A dislocation is a separation of two bones where they meet at a joint. Joints are areas where two bones come together.
A dislocated bone is no longer in its normal position.
It may be hard to tell a dislocated bone from a broken bone. Both are an emergency. You will need the same first aid treatment.
Most dislocations can be treated in a doctor's office or emergency room. You may be given medicine to make you sleepy and to numb the area. Sometimes, general anesthesia in the operating room is needed.
When treated early, most dislocations will not result in permanent injury.
Once a joint has been dislocated, it is more likely to happen again. Follow-up with an orthopedic surgeon is recommended after a dislocation.
Dislocations are usually caused by a sudden impact to the joint. This usually occurs following a blow, fall, or other trauma.
A dislocated joint may be:
Nursemaid's elbow is a partial dislocation common in toddlers. The main symptom is refusal to use the arm. Nursemaid's elbow can be easily treated in a doctor's office.
Call 911 if the person has:
Preventing injuries in children:
Preventing dislocations in adults:
For all age groups:
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Chapman MW. Fracture healing and closed treatment of fractures and dislocations. In: Chapman MW, Szabo RM, Marder RA, Vince KG, Mann RA, Lane JM, et al, eds. Chapman's Orthopaedic Surgery. 3rd ed. Philadelphia, Pa: Lippincott, Williams & Wilkins: 2000:chap 10.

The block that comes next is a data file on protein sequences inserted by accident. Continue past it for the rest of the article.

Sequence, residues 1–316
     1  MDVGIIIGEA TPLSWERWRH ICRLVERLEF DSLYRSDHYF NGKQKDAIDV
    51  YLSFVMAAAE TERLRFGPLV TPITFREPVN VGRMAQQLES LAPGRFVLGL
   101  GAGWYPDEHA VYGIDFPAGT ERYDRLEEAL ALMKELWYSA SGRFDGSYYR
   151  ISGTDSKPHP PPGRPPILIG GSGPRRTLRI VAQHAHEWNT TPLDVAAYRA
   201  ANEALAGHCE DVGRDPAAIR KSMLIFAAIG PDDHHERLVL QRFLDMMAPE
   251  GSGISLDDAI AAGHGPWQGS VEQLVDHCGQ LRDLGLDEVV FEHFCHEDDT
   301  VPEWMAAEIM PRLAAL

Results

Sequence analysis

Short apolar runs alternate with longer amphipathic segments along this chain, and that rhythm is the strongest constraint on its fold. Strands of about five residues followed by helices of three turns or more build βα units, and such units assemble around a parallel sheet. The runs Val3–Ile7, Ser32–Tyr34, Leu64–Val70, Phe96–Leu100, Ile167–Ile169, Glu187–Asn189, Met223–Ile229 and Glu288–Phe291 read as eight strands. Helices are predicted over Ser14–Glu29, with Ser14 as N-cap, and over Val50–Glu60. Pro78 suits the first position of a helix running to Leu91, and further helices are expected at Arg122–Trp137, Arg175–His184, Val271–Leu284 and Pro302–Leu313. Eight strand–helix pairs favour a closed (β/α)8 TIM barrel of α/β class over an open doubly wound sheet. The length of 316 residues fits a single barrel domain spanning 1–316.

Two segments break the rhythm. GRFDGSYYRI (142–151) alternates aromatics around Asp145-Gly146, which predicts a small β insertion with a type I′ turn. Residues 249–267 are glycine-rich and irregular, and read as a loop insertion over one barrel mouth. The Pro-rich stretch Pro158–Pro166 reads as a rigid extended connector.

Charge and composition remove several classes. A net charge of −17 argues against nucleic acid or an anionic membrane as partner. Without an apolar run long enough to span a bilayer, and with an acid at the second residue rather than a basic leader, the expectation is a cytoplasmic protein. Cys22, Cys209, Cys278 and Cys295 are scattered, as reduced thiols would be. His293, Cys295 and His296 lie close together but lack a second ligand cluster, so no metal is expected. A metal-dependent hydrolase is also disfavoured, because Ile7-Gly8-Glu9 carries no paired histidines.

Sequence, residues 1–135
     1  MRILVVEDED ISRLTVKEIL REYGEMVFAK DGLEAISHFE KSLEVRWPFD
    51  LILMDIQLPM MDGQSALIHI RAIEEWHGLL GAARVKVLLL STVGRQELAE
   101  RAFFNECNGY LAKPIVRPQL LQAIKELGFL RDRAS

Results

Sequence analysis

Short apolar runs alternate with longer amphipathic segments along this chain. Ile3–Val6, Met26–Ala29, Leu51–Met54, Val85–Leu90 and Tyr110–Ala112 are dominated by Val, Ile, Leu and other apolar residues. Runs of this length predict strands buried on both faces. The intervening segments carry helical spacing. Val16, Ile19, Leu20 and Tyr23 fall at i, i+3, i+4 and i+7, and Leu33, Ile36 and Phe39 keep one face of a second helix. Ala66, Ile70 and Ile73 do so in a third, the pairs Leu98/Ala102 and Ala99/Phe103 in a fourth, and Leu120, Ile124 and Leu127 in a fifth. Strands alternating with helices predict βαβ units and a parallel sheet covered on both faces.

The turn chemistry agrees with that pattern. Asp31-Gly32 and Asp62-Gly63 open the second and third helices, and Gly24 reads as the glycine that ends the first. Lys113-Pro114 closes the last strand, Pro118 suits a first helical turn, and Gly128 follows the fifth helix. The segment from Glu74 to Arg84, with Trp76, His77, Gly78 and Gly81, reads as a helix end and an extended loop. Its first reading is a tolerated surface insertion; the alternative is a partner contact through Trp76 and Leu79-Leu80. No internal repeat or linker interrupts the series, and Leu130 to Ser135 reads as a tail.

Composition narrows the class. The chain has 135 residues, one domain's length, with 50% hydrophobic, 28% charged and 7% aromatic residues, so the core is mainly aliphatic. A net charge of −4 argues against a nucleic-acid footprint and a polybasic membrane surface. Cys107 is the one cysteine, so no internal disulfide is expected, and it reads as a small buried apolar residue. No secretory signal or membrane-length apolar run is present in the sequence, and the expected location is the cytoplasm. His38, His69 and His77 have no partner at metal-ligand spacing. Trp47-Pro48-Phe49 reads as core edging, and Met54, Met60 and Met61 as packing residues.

Foley KA. Knee dislocation. In: Rosen P, Barkin RM, Hayden SR, Schaider JJ, Wolfe R, eds. Rosen and Barkin's 5-Minute Emergency Medicine Consult. 3rd ed. Philadelphia, Pa: Lippincott, Williams & Wilkins; 2007.
Brabson TA, Greenfield BS. Prehospital Immobilization.In: Roberts JR, Hedges JR, eds. Roberts: Clinical Procedures in Emergency Medicine. 5th ed. Philadelphia, Pa: Saunders Elsevier; 2009: chap 46.
Ufberg JW, McNamara RM. Management of Common Dislocations.In: Roberts JR, Hedges JR, eds. Roberts: Clinical Procedures in Emergency Medicine. 5th ed. Philadelphia, Pa: Saunders Elsevier; 2009: chap 49.
Updated by: Jacob L. Heller, MD, MHA, Emergency Medicine, Virginia Mason Medical Center, Seattle, Washington. Also reviewed by David Zieve, MD, MHA, Medical Director, A.D.A.M. Health Solutions, Ebix, Inc.
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